Extra: For any $p$, the coefficients of an $f$ of level sufficiently divisible by $p$ contains the totally real subfield of the $p^n$th roots of unity. For any $p$, and sufficiently large $n$, this contains a large extension of the $2$-adic numbers.

Reason why this argument still sucks: Doesn't work at all for primes $> 2$, and uses GRH for $d > 1$.

  • $\begingroup$ 1. Those Q-curves over Q(i) have bad reduction at 2 and p, not just p, if it matters to you. 2. I agree that it doesn't seem there'll be enough Q-curves. I wonder about RM abelian surfaces more generally. Is there a generally accepted heuristic, akin to "N^{5/6} elliptic curves of conductor at most N," for the number of RM abelian surfaces (say, with RM by a fixed real quadratic field K) of conductor at most N? $\endgroup$
    – JSE
    Nov 14, 2009 at 4:09
  • $\begingroup$ For inspiration in the case $p=1$ mod $16$ one could take some 3-digit prime of this form, compute, and see why there are big dim spaces over $Q_2$. Are the associated mod 2 reps big (in the sense that they're giving reps to something bigger than $GL(2,Z/2Z)$? Or are the mod 2 reps small but the deformations are big? Did you try any computations FC? I looped over $p\leq 3700$ and found that the largest prime with all local pieces of size at most 5 was 257, by the way. So the conjecture that the local $d$ is growing looks plausible... $\endgroup$ Nov 15, 2009 at 11:20
  • $\begingroup$ p=257 is an interesting case, right? The class groups are Z/3 and Z/16, which are bad. Where are the reps coming from in that case? $\endgroup$ Nov 15, 2009 at 12:18
  • $\begingroup$ @FC: This is a great answer. But I think it's weird to refer to people whose work you are citing only by their initials, and weirder to insist on anonymity and also refer to your own work. $\endgroup$ Jan 14, 2010 at 7:05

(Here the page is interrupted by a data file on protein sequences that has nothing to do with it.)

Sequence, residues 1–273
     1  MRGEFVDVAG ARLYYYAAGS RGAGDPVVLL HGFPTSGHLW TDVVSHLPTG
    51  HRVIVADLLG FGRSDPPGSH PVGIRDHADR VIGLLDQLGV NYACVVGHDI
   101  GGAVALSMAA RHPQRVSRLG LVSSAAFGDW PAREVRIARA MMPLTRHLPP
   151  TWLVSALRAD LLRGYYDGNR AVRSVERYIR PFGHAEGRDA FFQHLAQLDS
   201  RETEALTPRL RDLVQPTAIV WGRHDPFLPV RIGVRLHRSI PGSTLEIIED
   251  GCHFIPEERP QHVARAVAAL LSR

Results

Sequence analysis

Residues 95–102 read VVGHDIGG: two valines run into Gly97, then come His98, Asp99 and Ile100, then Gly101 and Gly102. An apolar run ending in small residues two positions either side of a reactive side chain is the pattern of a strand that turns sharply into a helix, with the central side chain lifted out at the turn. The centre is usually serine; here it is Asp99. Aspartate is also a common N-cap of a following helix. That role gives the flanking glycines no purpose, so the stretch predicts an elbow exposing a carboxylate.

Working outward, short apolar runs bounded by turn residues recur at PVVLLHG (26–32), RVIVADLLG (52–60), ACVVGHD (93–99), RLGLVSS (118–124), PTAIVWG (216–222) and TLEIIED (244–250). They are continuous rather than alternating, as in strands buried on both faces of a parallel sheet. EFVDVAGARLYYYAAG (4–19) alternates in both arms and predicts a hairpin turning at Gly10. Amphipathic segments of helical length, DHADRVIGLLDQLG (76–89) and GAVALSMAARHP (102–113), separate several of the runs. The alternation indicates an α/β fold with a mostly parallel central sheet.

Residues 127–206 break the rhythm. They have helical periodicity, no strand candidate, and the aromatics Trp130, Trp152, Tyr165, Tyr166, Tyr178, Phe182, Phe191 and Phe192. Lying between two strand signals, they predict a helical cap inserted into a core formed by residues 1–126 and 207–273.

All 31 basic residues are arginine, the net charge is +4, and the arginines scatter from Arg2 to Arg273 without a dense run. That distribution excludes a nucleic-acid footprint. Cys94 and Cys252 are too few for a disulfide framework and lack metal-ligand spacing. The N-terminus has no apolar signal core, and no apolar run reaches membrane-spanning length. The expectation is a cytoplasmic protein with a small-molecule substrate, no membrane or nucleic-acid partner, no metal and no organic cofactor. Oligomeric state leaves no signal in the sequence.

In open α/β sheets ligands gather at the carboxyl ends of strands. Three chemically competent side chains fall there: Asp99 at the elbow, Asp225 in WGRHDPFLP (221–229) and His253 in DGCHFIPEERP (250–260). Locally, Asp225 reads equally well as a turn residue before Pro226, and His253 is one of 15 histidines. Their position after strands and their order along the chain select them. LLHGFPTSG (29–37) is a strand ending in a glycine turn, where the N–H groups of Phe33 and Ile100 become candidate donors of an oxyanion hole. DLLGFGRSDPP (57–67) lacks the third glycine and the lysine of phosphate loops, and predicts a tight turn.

Not an answer, but a remark: absent any reason to think otherwise, you might think of the etale Q_p-algebra generated by the Hecke operators on S_2(Gamma_0(N),Q_p) as a "random" such algebra of the given dimension; a reasonable probability distribution of these is described by Serre, then revisited by Bhargava and (perhaps most usefully for you) in Kedlaya's paper on mass formulas:

It ought to be easy to compute the expected number of copies of Q_p in a random etale Q_p-algebra in this sense, maybe somewhat complicated to compute the probability that there's no Q_p-factor. I'll bet the former has a simple answer and I would hesitantly guess the latter goes to 0. In which case I suppose I'd even more hesitantly lean towards a negative answer to your question.

Are there good reasons on the modular forms side to lean towards a positive answer?

  • $\begingroup$ No, I the misparsing was all mine. I agree -- on heuristic grounds one wouldn't expect to find that the Q_2-algebra was (Q_2)^dimension. I agree that the question in the weight aspect seems different, at least when the weight has something to do with 2. On your view, if the weight is increasing in a sequence of integers that (let's say) equidistributes in some 2-adic region, instead of approaching 0 like yours, would you expect the Q_2-algebra to look "random" again? $\endgroup$
    – JSE
    Oct 25, 2009 at 4:50

One silly idea: maybe one can just write down infinitely many $\mathbb{Q}$-curves such that for each such curve C the prime 2 does not split completely in the field of definition E of C. I doubt this would work in general, but for d = 1 (so try constructing C which are defined over a quadratic field) this might be managable.

  • $\begingroup$ I would imagine the hard part with this approach would be to get the conductor prime. Another idea would be to write down lots of A_5 extensions of Q and consider the mod 2 Galois reps and go from there, but again you're not in general going to be able to find an A_5 extension ramified only at 2 and a given large prime p. $\endgroup$ Nov 14, 2009 at 9:08